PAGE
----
State per-student funding remains well below average *
Florida's public education spending per student remained below the national average and under many other southern states, according to a newly released National Center for Education Statistics report based on fiscal 2014. The report shows Florida spent $8,714 per student, compared to the national average of $10,936. Florida's per-student expenditures exceeded those of Mississippi, North Carolina, Oklahoma, Tennessee and Texas anywhere from $100 to $1,100. But it logged in behind Alabama by $311, Georgia by $446 and Louisiana by $2,070, among others. Florida's 14 largest school districts, all among the nation's top 100 in terms of enrollment, fell within a fairly tight spending band between $8,000 - $10,000 per student that most systems hovered around, except for those outside major metro areas such as Chicago, New York, Los Angeles and Washington D.C. Among them, Miami-Dade spent $9,106 per student, Broward $8,553, Hillsborough $8,685, Orange $8,726 and Palm Beach $9,500 (the highest among the 14 Florida districts on the list). The data arrives as Florida lawmakers debate whether to increase student funding, as Gov. Rick Scott has called for, or to reduce spending, as Florida House members have been preparing for. Education commissioner Pam Stewart presented portions of the governor's budget to the Senate PreK-12 Appropriations subcommittee on Wednesday morning. The House PreK-12 Appropriations subcommittee is scheduled to review programs for possible reductions today.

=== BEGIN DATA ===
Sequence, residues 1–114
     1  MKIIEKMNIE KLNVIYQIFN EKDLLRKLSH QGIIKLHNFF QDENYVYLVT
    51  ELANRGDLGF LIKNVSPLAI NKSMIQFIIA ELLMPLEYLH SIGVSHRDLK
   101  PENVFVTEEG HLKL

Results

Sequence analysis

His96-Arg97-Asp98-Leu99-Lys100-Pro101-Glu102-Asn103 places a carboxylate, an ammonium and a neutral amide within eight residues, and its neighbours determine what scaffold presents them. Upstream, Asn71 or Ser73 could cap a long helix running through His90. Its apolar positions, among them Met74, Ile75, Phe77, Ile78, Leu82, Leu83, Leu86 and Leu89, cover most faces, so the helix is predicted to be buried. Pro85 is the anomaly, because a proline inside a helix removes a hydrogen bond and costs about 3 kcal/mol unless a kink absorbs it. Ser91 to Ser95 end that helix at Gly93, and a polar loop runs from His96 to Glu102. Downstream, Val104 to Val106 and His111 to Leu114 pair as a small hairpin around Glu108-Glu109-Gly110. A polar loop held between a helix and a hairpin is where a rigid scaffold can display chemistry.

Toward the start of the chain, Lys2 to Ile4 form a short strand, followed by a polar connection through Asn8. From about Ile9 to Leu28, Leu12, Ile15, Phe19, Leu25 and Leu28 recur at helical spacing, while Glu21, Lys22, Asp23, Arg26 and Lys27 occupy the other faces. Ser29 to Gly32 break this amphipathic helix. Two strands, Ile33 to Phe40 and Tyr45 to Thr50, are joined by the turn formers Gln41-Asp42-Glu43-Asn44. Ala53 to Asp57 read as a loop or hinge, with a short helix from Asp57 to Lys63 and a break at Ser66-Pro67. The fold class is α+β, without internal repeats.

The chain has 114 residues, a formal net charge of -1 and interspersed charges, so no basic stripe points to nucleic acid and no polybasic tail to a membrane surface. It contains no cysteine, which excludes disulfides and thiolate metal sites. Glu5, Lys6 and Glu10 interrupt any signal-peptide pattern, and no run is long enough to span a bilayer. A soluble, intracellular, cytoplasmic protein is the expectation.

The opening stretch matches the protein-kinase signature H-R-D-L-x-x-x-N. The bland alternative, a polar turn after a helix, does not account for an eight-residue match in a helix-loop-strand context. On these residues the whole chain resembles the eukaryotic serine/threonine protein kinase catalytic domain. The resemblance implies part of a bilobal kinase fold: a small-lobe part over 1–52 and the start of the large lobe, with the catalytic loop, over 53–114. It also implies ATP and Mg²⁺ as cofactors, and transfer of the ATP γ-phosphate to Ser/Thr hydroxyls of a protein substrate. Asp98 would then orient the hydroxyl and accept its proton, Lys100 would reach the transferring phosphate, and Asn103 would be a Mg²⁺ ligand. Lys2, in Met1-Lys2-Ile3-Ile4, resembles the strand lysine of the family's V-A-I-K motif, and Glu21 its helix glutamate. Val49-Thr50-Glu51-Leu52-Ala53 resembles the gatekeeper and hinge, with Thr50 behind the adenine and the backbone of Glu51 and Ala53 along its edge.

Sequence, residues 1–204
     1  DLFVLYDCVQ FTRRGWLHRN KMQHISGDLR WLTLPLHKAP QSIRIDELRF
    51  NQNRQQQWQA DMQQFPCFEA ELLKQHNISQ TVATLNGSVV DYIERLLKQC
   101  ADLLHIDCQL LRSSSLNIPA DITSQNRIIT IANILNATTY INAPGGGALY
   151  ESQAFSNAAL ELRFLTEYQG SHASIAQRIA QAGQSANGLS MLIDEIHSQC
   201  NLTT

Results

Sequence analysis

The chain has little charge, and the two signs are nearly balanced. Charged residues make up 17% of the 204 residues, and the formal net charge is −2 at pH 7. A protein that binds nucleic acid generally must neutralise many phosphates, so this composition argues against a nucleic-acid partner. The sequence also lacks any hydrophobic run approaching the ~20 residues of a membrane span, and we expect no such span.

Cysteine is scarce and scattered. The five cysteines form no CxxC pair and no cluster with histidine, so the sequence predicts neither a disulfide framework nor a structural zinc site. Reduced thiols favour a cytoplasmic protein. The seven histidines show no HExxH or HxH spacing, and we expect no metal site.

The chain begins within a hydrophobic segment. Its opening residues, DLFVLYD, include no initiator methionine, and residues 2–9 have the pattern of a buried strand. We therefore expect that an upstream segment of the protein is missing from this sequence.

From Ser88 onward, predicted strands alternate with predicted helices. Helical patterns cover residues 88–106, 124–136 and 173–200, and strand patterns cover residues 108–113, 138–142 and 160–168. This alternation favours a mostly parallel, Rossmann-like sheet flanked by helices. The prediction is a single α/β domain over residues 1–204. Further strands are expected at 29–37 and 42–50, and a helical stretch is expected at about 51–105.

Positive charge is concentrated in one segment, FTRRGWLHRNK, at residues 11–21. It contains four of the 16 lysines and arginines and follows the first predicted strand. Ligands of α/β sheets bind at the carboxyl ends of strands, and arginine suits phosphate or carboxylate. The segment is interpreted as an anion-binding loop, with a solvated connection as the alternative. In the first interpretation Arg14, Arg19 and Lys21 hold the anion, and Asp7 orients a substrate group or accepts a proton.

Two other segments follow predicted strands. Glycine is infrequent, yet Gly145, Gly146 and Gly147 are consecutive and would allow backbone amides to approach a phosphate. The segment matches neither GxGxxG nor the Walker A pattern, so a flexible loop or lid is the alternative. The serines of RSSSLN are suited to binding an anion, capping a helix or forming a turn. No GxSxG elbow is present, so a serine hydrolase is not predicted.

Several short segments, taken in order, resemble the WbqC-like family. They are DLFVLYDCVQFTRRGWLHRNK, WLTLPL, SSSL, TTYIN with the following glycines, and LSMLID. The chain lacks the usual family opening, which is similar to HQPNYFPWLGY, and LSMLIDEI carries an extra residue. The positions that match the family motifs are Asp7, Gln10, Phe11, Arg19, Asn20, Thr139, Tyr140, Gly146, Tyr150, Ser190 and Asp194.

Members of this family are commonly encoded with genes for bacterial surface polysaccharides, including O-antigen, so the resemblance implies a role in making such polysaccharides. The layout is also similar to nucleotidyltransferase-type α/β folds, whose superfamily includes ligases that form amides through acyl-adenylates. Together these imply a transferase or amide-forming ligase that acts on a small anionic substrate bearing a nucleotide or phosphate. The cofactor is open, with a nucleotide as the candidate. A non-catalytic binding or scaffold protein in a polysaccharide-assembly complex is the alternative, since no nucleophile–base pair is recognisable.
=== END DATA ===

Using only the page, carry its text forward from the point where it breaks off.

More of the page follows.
Senators question Scott's recruitment, retention plan *
Florida senators in charge of crafting the K-12 education budget for next year aren't sold on Gov. Rick Scott's ideas to incentivize future teachers so they enter and stay in the profession. Scott proposes the state spend $58 million on a variety of new initiatives -- including $10 million for a "one-time hiring bonus" for new teachers who score in the top 10 percent in their subject-area exam for the subject they'll teach. That idea, in particular, drew some resistance Wednesday from some senators on the PreK-12 education budget committee, mainly due to its similarity to the current "Best & Brightest" teacher bonus program, which controversially rewards top teachers based on their SAT/ACT scores in high school. "Best & Brightest" has been a House priority the past couple years, driven by now-Speaker Richard Corcoran, R-Land O'Lakes. Senators were reluctant to renew it last year through the annual budget but ultimately agreed to do so as a compromise with the House. This year -- even with half of the senators new -- the reservations about the program's rationale remain. And they're seeping into discussions about Scott's proposal (which notably does not include renewing "Best & Brightest"). "It concerns me that we continue to look for the best performers in college -- and not the best teachers," Sen. Doug Broxson, R-Gulf Breeze, said. Sen. Dana Young, R-Tampa, agreed: "It seems to me that rather than just giving a check to a teacher upon graduation from college with no strings attached, we could perhaps offer some financial assistance with a contractual commitment while they're in schools of education," Young said. "If we're looking at recruiting and retraining, that seems a more targeted and efficient use of our taxpayer dollars." Education Commissioner Pam Stewart defended Scott's proposal, saying research shows "when an individual has strong content knowledge, that does translate into better performance in the classroom."